So for the early church, Leviticus 18 wasn’t to be discarded. The Jerusalem Council expressly states that Jews and Gentiles alike are to refrain from porneia, in part because the text of Leviticus 17-18 makes clear that the commands contained therein applied to Jew and Gentile alike in the Old Testament as well (Lev. 18:26). In fact, the text of Leviticus 18:24-28 makes clear that God’s judgment on Jew and Gentile alike are linked to the land being defiled through these sexual practices. Another case in point from the New Testament: Paul condemns incest in 1 Cor. 5 because it’s a prime example of porneia as forbidden in Leviticus 18. The Belgic Confession affirms this pattern of hermeneutics of the New Testament here by stating that “we continue to use the witnesses drawn from the law and prophets to confirm us in the gospel and to regulate our lives with full integrity for the glory of God, according to the will of God.” In other words, much in the Old Testament (including the Ten Commandments and the principles behind them) applies to us today.
Although the Heidelberg Catechism doesn’t give us a full list like Leviticus 18 or name any specific sexual sin other than adultery, I think it’s reasonable and accurate to say that it intends to condemn not only adultery but other things listed in Leviticus 18 and other Scripture, including incest, rape, sex with prostitutes, and same-sex sexual activity.
So it turns out that, in saying a little bit about sex, the Heidelberg Catechism actually has a lot to say about sex.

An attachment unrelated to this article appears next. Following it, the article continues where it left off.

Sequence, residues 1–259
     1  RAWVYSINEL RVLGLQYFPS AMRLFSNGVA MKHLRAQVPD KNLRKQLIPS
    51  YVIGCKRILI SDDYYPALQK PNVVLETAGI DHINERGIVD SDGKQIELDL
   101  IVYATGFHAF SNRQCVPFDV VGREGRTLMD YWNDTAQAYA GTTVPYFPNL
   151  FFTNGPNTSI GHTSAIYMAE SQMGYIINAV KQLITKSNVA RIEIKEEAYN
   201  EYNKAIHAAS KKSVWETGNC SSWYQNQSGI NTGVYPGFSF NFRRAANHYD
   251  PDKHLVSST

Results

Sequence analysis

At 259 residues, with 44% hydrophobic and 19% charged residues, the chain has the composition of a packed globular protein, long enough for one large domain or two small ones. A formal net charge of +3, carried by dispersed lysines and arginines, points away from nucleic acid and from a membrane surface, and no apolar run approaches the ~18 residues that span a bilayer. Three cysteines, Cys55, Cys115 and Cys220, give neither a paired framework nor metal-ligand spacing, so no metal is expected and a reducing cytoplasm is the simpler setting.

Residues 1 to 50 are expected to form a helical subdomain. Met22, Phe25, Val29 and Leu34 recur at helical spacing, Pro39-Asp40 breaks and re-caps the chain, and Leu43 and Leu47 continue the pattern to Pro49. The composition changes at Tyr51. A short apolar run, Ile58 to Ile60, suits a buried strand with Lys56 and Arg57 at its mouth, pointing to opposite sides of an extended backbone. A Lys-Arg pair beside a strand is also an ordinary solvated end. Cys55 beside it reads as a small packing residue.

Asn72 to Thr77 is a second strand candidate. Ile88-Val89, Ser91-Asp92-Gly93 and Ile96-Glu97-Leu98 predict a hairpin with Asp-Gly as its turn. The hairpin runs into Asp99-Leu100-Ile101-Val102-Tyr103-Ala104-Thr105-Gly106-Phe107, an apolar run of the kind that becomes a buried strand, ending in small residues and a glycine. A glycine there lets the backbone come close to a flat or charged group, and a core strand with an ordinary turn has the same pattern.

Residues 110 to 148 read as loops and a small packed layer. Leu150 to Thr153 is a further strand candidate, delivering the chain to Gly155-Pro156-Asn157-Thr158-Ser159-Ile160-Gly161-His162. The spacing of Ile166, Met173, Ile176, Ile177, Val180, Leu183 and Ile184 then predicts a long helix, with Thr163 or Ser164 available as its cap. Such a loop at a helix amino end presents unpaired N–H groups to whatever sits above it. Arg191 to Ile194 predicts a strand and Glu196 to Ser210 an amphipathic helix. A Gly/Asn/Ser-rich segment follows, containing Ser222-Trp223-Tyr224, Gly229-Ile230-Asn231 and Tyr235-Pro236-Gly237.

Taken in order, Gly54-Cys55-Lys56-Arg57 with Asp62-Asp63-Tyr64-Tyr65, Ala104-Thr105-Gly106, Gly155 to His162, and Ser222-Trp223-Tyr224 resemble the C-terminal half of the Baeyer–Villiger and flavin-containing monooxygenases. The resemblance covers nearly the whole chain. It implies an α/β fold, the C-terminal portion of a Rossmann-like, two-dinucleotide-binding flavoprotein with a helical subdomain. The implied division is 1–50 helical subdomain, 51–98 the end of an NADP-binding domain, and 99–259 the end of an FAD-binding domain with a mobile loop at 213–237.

Postcript: What does this mean for the Reformed Church in America?
Okay, if you’re not part of the RCA, feel free to ignore this. Part of what’s currently up for debate in our General Synod is a “constitutional” way forward on the issue of human sexuality, specifically same-sex relationships. Here’s what I think is significant: the RCA’s Standards (which are part of the Constitution) include the Heidelberg Catechism, and the Heidelberg Catechism does indeed condemn same-sex sexual activity in question 107 and 108. You could argue that it’s not mentioned specifically. True. Neither is rape or incest. Grand theft auto and insurance fraud are not mentioned under “thou shalt not steal.” So while you could make the claim that they are not specifically named, I think it’s fair to say that the RCA’s constitution does indeed speak to the moral order of human sexuality. If someone introduced a motion to affirm larceny or make a misleading declaration about a presidential candidate, I’d make a similar argument—that doing so would ultimately, at root, go against one of our confessions.
Admittedly, I’m not an RCA polity wonk, so I’m open to feedback here.
But I think this also makes it clear that the divergence of views about how to interpret Scripture and the Standards on this matter should be treated as a confessional issue, not merely a liturgical issue. Or, at the very least, we need to clarify whether our confessions and liturgies may disagree with one another. In my opinion, a motion that would approve a liturgy for same-sex marriages would fly directly in the face of the Heidelberg Catechism. The liturgy would violate the Standards. We could do it, but our constitution would then be inconsistent.